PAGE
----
However, as mentioned earlier, Nearby Share (using Bluetooth and Wi-Fi Direct) replaced Android Beam in recent years. It has become a more robust competitor to Apple’s AirDrop, which does something similar. Nonetheless, NFC is still good for other instances you can think of that need data transfers.
Also read: Android Beam & Nearby Share: What You Need to Know
An NFC tag reader iPhone may be a fascinating piece of technology. However, NFC isn’t limited to devices with screens. Wireless headphones and speakers also benefit from NFC by using the technology to quickly pair with your smartphone. NFC is also a great way to establish a Wi-Fi-Direct connection to transfer media files without needing to pair devices.
Consumer technology isn’t the only industry with major applications for NFC technology. The public transportation industry benefits from it as well. For example, countries like Hong Kong or Singapore use NFC cards to help commuters make contactless payments. These cards are available in buses, trains, and all kinds of public vehicles.
Moreover, some industries even allow the general public to link these cards to their Google Pay. This allows users to streamline their payment systems and lessen the number of platforms they need to manage.
Regardless of which payment platform an NFC card uses, one clear benefit arises from the technology. That is, you can easily pay for public transport without carrying any cash. In addition, you can easily transfer funds to your account through an app or bank transfer.
Other Identification Cards
Apart from public transportation, other cards can easily implement NFC technology for other purposes. For example, if an NFC chip is embedded in your student ID, it can help you get access to your campus through contactless scans. This also heightens security while eliminating bottlenecks in front gates and entrances.
Furthermore, loyalty cards even offer the technology for adding points to your account. With those supporting NFC, there is now an easy way to identify a specific customer without having to enter a name or account number. All the cashier needs to do is swipe or tap the card to update your points.
Nintendo is one of the leading innovators in gaming. That is why it is unsurprising that the company has created an avenue for NFC technology to shine. Where can you find it among their products, exactly? The answer is Amiibos.
Not familiar with Amiibos? They are cards or figurines containing an NFC chip. Scanning them on a compatible console (like the Switch or 3DS) yields additional items, characters, or even levels. Of course, not all games have Amiibo compatibility. But the ones that do often offer exclusive items.
One of the biggest applications of NFC technology is undoubtedly in the automated home industry. You can use NFC tags to trigger actions in the Apple HomeKit or Home Assistant. Doing so can help you do certain things at home without lifting a finger. For example, you can open lights, play songs via Spotify, or nearly anything else.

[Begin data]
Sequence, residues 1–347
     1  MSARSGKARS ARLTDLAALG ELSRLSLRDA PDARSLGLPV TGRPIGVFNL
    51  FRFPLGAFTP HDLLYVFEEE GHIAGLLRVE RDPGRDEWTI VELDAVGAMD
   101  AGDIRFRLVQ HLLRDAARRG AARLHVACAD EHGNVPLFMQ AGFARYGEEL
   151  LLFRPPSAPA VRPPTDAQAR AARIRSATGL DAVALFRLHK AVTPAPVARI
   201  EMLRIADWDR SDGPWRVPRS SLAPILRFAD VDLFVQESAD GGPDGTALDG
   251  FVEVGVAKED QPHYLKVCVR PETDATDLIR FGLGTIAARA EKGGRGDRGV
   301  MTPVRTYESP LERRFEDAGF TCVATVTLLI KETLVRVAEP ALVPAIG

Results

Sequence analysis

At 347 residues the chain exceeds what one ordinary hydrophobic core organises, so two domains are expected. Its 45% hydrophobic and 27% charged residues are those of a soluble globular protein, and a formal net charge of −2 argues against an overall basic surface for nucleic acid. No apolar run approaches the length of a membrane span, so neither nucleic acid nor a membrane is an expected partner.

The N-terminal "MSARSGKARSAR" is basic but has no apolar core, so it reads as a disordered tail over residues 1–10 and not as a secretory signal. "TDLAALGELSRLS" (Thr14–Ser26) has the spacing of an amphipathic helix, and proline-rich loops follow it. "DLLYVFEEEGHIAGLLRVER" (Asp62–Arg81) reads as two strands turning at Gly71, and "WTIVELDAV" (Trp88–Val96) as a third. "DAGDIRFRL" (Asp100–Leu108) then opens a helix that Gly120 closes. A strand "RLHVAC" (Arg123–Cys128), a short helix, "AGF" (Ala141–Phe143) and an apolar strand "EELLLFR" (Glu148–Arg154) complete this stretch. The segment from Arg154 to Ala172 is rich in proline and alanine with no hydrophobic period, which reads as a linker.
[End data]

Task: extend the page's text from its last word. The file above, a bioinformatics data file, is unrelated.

What Are the Differences Between NFC and Bluetooth?
Despite NFC technology’s benefits, you could argue that it isn’t necessary given other wireless connectivity options. After all, we have Bluetooth technology available on nearly every modern device today. Moreover, it isn’t proximity-based, so you can pair devices that are further away. What’s all the hype around NFC, then?
Firstly, NFC is better than Bluetooth because it doesn’t require pairing. You don’t need to search for the sender or receiver device and choose one in the list that appears. All it takes is holding your device near the tag, and you are good to go. It consumes less time than Bluetooth pairing.
In addition, NFC saves more energy compared to Bluetooth. If you are someone who has Bluetooth on all the time, you know how much it can drain your phone’s battery. By contrast, having an NFC tag reader iPhone with background reading doesn’t nearly affect the phone’s battery life as much.
In fact, it is so energy-efficient that you can use the NFC on your iPhone when it is out of juice. This is a life-saver if you need the NFC data transmission to access your car or hotel room.
Finally, like with RFID, NFC’s trigger proximity is limited. Your NFC tag reader iPhone will at least need to be within a 4-inch range of the NFC tag. Otherwise, it won’t work. As a result, NFC is more secure than Bluetooth technology. It is less likely to make accidental triggers. This is why NFC has become the preferred wireless standard for mobile or contactless payments.
An NFC tag reader iPhone is handy for making contactless payments and triggering customized actions through NFC stickers. While the feature is available in most modern iPhones, people still have trouble understanding the technology. Thankfully, Apple makes NFC easy to use by always leaving it on in the background of newer models. Moreover, iPhones immediately trigger NFC if you are running an NFC-dependent app.